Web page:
India has 97% children enrolled in school, but teaching them basic skills is the next challenge: Report
In 2000, when the Sarva Shiksha Abhiyan was launched in India, almost one in five children, was not enrolled in primary school.
In 2000, when the Sarva Shiksha Abhiyan was launched in India, almost one in five children, was not enrolled in primary school. It was a massive challenge to take on, given the size of the country. If India’s 6–14-year-olds made up their own country, it would be the seventh largest in the world.
Less than two decades later, 97 percent children are enrolled in school. India has crossed the first hurdle, getting students enrolled, but the second part, getting them to learn basic skills, is yet to be achieved, according to the Goalkeepers Data Report, released this week. The report, which is brought out by the Gates Foundation, tracks progress on the United Nations Sustainable Development Goals.
The report examines the geography of poverty, which has shifted from Asia to Africa. Since 2000, more than a billion people have lifted themselves out of extreme poverty. This progress has come in waves. “The first wave centered on China; the second wave centered on India,” it states. Bill Gates is optimistic about India’s digital growth, made largely possible by wireless coverage driven by the private sector, which could further help in the fight again poverty and in building up health and educational infrastructure.
The bulk of the report is concentrated on extreme poverty in sub-Saharan African countries, where 86 percent of the extremely poor people in the world are projected to live by 2050, with more than 40 percent in two countries, Nigeria and Democratic Republic of Congo. By investing in human capital, in the health and education of young people, some of these trends can change course.
This is the second edition of the report, which is produced in partnership with the Institute for Health Metrics and Evaluation (IHME) at the University of Washington. It will come out every year till 2030, the target year set by the UN for achieving the Sustainable Development Goals.
India’s next big challenges in education and health are clearly outlined. Data from the Annual Status of Education Report shows that only one quarter of third grade students can read and understand a short story with a few simple sentences or subtract one two-digit number from another. The Indian government’s own National Assessment Survey (2017) also indicates that a high percentage of children have low learning levels.
“Fortunately, as the outlines of the crisis have become clearer, learning has started to get the attention it requires, both inside and outside of India,” writes Ashish Dhawan, chairman of Central Square Foundation, an NGO that works on improving school education in India. “However, achieving system-wide improvements in learning is hard, and there are precious few examples of success at scale in low and lower-middle income countries,” he says in the report.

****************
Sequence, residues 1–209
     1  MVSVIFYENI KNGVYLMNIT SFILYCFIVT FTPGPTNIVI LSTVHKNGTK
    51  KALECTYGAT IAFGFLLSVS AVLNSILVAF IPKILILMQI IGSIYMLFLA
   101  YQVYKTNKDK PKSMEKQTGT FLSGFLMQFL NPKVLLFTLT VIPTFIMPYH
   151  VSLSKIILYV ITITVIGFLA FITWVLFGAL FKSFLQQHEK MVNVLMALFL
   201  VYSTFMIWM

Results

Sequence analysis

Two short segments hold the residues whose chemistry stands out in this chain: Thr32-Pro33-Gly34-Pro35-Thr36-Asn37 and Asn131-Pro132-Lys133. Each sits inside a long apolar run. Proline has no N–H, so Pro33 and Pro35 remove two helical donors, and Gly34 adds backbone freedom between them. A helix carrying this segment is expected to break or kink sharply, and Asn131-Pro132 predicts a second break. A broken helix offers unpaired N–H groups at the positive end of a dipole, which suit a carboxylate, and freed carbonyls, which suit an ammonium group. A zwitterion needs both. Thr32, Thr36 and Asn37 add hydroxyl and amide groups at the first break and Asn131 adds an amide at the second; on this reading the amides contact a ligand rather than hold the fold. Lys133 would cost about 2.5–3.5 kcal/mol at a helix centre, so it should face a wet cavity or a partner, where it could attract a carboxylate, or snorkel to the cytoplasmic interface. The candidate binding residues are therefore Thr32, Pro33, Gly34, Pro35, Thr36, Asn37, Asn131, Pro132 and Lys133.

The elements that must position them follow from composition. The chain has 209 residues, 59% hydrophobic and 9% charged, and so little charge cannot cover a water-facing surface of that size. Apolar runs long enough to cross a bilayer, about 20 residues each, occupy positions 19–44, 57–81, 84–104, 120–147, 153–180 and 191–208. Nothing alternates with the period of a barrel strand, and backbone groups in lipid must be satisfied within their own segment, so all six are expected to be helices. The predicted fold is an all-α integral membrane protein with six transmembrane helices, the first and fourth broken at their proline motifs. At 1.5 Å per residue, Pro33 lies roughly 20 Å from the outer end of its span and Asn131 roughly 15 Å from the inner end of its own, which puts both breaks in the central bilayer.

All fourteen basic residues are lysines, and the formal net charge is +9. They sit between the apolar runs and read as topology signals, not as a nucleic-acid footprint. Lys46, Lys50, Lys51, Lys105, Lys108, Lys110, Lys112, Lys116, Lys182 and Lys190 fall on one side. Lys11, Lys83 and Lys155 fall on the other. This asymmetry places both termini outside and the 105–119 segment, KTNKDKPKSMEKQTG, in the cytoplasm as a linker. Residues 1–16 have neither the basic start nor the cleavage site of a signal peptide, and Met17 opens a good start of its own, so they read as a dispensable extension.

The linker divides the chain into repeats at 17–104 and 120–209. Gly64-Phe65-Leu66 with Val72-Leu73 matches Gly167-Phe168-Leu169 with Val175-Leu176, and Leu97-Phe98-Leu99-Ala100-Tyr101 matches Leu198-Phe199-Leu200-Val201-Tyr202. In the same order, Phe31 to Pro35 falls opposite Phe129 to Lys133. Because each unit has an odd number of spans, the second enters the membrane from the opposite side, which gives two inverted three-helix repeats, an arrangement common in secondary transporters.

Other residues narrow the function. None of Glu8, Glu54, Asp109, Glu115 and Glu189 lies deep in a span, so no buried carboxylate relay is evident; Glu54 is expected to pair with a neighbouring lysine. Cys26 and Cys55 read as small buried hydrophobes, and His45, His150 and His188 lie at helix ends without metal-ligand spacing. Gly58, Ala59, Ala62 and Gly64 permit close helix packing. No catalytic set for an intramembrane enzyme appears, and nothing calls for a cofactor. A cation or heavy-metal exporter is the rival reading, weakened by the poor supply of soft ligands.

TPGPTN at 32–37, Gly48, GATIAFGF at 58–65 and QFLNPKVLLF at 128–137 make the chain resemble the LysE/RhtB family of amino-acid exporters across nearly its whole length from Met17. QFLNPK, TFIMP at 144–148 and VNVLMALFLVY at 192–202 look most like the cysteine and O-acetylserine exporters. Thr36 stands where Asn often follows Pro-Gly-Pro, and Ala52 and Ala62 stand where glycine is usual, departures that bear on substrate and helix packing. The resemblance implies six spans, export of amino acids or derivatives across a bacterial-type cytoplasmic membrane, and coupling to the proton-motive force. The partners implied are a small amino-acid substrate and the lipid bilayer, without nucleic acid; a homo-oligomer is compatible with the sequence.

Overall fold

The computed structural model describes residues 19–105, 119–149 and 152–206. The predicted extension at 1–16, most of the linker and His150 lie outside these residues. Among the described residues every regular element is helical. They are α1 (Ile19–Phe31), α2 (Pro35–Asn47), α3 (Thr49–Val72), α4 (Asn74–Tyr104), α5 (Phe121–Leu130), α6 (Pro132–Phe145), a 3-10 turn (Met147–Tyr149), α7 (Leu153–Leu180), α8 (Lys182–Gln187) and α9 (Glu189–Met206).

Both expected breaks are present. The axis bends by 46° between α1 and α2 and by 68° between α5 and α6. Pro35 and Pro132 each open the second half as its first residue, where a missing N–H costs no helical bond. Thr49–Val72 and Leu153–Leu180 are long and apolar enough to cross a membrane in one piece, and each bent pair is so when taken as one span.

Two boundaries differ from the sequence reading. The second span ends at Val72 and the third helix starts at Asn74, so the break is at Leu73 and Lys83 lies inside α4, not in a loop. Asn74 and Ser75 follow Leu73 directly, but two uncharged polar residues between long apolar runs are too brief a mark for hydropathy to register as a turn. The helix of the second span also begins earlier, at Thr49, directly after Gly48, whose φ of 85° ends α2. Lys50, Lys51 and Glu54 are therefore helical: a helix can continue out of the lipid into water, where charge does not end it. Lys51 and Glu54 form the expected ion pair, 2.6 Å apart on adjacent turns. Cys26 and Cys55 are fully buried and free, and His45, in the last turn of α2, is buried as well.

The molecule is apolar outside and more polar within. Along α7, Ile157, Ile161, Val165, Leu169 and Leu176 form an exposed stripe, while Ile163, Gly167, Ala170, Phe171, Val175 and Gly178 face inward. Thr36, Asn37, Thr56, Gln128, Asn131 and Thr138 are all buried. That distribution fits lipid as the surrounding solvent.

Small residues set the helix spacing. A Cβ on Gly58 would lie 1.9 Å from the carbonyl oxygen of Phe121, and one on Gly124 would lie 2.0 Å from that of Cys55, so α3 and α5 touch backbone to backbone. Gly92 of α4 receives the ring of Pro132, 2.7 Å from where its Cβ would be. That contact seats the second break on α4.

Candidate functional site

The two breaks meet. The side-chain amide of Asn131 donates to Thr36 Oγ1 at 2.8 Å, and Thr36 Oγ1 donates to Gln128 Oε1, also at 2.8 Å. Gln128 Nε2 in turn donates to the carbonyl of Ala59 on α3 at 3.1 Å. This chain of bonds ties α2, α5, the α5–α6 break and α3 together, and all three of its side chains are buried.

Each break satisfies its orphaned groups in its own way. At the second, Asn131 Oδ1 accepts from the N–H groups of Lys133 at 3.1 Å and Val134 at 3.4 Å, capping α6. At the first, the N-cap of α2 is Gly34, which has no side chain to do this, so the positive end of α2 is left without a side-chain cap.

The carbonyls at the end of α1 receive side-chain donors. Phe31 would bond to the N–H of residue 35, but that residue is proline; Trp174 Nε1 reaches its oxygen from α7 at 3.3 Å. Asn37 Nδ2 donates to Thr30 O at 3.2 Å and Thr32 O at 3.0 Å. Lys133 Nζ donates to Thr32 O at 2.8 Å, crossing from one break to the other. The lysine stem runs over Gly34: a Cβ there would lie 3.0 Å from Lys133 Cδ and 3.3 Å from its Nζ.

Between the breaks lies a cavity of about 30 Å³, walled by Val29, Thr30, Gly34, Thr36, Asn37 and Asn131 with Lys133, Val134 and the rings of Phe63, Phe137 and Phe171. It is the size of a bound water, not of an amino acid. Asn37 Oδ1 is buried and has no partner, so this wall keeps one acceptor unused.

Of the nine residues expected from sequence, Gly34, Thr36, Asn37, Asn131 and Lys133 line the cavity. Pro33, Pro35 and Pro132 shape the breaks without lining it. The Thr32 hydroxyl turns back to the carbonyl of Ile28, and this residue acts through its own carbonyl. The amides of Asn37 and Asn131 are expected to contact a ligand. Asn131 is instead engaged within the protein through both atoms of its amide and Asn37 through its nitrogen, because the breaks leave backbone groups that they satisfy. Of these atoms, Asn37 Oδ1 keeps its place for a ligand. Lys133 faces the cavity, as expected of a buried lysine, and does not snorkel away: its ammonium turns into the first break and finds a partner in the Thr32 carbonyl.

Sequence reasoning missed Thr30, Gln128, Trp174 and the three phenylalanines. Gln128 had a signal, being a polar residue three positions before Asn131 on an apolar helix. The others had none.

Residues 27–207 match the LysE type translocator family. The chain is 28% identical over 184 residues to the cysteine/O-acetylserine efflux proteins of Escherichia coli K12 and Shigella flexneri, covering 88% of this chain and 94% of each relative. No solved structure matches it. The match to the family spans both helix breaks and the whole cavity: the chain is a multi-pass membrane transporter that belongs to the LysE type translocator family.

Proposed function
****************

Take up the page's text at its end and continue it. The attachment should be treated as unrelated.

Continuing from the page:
The report posits Vietnam as a case study, a middle-income country that has found exceptional success in education. Though the country’s per capita GDP is only slightly higher than India’s, Vietnam’s 15-year-olds outperform students from wealthy countries like the United States and the United Kingdom on international tests.
Vietnam’s success in school education was discovered when it outperformed most western countries in the Programme for International Student Assessment (PISA) in 2012 and 2015. India, on the other hand, boycotted the examination after its dismal performance in 2009, when it was ranked 72 among the 74 participating countries. However, the Human Resource Development Ministry has announced this month that it will be ending the boycott from 2021.
Since Vietnam stunned the world, there has been endless research to understand its primary school system. The key factor is the quality of teaching and pedagogy, with a curriculum that focuses on mastering core concepts and foundational skills and teachers who hold themselves accountable for results. If primary education in India could emulate the model, it would lead to a prosperous future, the report suggests.
The report points out some incremental improvement in public health in India. India introduced a key vaccine to protect children from pneumonia, the leading cause of child death, and has launched the National Nutrition Mission in 2018 to tackle stunting in children. India has more TB cases than any other country in the world. The government has tripled its domestic funding to fight the disease and launched a plan to eliminate it by 2025, five years ahead of the Global Goals schedule.
“I would say that the overall budget, the amount going from the federal and state level into health still falls short of what we think should be invested to get rid of the deaths and improve the nutrition,” said Bill Gates in a teleconference with the press, striking a note of caution.
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